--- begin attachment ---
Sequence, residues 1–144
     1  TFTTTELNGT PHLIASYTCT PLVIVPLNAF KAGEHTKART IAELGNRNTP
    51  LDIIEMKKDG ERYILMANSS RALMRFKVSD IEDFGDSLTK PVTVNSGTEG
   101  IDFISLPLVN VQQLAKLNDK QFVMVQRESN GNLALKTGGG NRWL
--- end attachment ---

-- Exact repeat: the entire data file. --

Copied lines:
Sequence, residues 1–144
     1  TFTTTELNGT PHLIASYTCT PLVIVPLNAF KAGEHTKART IAELGNRNTP
    51  LDIIEMKKDG ERYILMANSS RALMRFKVSD IEDFGDSLTK PVTVNSGTEG
   101  IDFISLPLVN VQQLAKLNDK QFVMVQRESN GNLALKTGGG NRWL